AEC Tech News #18316 Nov, 2006 By: Kenneth Wong
Sustainability on Route 99
Design competition yields ideas for a model 'green' rest area
You can still get your kicks on Route 66, but soon, you’ll be able to get your fix on Route 99 -- of sustainable architecture, that is. If you travel northbound to the heart of California’s Central Valley and pull into the Philip S. Raine rest area (located about 2.5 miles outside the city of Tipton in Tulare County), you’ll be greeted by humble amenities: a weathered restroom next to a dirt road, a few picnic tables, some battered payphones, and a wall plastered with improvised advertisements and scribbled notes. It isn’t exactly a green acre right now, but this spot marks the future site of a “GreenStop,” a self-sustaining, off-the-grid roadside rest area.
In 1998, the California Department of Transportation began upgrading the state's highway rest stops to address structural deterioration and comply with the Americans with Disabilities Act. Eventually, Caltrans came to the conclusion that rehabilitating the sites would cost a lot more than demolishing and rebuilding them -- and that it might as well make the most of the opportunity to start fresh. So it plans to convert the utilitarian structures along the highways into something they’ve never been before: appealing oases where people like to linger. In the department's own words, the rest stops will become “attractive places that benefit the local economy.” Read more>>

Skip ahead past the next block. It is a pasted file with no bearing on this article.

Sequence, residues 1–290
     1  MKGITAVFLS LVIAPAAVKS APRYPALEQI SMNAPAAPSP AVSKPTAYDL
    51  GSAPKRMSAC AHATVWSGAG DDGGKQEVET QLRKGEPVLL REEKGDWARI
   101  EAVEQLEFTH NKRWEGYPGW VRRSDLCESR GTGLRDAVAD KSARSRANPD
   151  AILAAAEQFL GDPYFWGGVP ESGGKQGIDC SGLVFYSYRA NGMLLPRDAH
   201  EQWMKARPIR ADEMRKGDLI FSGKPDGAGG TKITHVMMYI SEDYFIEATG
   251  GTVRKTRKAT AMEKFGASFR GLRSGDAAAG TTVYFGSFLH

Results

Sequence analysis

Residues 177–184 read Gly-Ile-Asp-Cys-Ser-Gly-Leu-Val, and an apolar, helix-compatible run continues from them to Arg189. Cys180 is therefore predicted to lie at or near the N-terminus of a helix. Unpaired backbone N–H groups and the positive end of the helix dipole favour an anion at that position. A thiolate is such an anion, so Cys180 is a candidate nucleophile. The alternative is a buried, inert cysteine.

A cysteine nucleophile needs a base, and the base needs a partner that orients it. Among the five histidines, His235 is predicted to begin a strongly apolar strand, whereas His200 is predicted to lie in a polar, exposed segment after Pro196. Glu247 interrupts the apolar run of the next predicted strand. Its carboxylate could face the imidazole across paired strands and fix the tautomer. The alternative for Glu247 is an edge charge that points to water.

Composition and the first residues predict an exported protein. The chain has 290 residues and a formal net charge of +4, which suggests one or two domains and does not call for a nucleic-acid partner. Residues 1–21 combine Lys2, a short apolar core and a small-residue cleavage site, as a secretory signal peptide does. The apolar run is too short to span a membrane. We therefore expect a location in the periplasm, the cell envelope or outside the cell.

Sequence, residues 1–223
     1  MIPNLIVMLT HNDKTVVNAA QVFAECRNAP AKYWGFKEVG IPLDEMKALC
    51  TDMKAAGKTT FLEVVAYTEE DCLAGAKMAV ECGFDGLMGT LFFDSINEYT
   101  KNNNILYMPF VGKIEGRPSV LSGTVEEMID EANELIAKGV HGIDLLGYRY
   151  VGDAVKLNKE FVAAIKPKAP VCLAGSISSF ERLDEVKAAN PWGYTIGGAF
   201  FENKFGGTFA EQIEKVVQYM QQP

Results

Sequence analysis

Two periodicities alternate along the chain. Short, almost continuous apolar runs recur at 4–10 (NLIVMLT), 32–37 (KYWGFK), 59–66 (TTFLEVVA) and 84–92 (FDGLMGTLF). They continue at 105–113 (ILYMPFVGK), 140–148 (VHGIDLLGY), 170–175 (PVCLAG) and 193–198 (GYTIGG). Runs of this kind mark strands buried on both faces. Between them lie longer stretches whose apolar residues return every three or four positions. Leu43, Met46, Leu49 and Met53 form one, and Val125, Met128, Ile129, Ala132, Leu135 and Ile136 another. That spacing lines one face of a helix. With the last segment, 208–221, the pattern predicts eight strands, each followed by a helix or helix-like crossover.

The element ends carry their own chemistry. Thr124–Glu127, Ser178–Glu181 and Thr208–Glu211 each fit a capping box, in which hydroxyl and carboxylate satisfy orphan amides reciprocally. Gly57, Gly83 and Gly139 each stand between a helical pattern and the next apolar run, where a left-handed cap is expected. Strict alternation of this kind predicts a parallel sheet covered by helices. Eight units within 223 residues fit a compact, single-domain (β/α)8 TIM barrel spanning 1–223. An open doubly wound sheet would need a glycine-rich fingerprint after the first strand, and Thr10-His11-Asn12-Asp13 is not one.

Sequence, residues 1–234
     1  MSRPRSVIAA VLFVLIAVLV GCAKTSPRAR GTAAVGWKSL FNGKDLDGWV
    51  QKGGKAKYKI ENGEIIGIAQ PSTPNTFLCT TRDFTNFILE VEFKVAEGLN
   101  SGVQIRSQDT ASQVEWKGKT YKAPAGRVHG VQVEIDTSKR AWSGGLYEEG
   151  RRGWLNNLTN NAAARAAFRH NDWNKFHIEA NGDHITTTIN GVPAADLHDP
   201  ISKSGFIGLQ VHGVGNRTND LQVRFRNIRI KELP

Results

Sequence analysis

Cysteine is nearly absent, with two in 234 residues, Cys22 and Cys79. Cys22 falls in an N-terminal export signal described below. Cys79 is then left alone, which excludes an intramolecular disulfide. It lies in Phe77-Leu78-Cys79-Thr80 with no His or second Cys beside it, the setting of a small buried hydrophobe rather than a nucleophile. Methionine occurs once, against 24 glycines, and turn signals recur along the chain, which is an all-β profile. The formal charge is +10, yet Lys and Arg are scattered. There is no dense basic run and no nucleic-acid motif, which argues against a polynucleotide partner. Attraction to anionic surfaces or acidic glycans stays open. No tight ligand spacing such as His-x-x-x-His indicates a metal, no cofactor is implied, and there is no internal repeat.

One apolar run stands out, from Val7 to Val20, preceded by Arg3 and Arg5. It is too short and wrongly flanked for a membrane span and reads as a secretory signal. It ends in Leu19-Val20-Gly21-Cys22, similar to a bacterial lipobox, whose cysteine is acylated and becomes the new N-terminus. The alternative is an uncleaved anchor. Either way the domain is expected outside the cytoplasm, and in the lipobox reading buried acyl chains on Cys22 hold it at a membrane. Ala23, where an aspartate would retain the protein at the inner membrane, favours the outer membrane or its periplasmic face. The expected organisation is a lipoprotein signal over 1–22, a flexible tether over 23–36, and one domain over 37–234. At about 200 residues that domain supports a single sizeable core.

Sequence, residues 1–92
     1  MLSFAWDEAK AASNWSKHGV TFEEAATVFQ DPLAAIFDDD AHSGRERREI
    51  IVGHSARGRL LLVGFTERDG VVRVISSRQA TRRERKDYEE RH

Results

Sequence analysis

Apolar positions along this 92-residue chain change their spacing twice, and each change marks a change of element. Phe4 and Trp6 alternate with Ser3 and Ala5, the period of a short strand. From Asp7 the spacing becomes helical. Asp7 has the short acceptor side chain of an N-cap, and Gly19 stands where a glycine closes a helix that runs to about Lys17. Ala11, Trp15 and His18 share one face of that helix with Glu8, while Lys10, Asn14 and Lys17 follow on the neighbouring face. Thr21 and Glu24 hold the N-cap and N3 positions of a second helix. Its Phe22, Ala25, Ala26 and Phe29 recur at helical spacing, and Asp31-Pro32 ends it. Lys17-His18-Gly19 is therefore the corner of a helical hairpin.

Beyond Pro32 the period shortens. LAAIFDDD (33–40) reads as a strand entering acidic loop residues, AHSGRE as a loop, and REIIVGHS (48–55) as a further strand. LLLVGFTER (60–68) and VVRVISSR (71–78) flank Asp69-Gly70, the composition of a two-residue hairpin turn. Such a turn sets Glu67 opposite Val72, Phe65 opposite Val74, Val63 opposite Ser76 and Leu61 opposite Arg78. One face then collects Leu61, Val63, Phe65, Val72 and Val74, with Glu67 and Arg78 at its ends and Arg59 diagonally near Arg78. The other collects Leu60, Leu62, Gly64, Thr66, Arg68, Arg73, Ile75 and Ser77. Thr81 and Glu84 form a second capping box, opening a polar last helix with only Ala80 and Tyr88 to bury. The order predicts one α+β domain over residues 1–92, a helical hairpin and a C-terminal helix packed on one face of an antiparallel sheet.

By Sara Ferris
Collaboration is vital to AEC projects. In a recent survey, 94% of participants said they collaborate with others on project information, and 92% of those said this collaboration occurs at least once a week.
This past spring, Adobe Systems enlisted Harris Interactive to conduct a follow-up poll to a 2004 survey that examined document exchange practices in the AEC community. The 657 participants in the 2006 online survey included 241 identified as architects/engineering professionals, 223 construction/project management professionals and 193 owners/operators/facility managers. These findings reflect only the survey respondents, as the data were not weighted. Adobe was not identified as the survey sponsor.
One of the most interesting findings this year is that CAD files are reviewed in paper format more often now than in 2004 -- despite improvements in digital markup tools such as Adobe's Acrobat and Autodesk's DWF Composer. Review of CAD files solely in electronic format dropped to 23% in 2006, down from 33% in 2004. Read more>>
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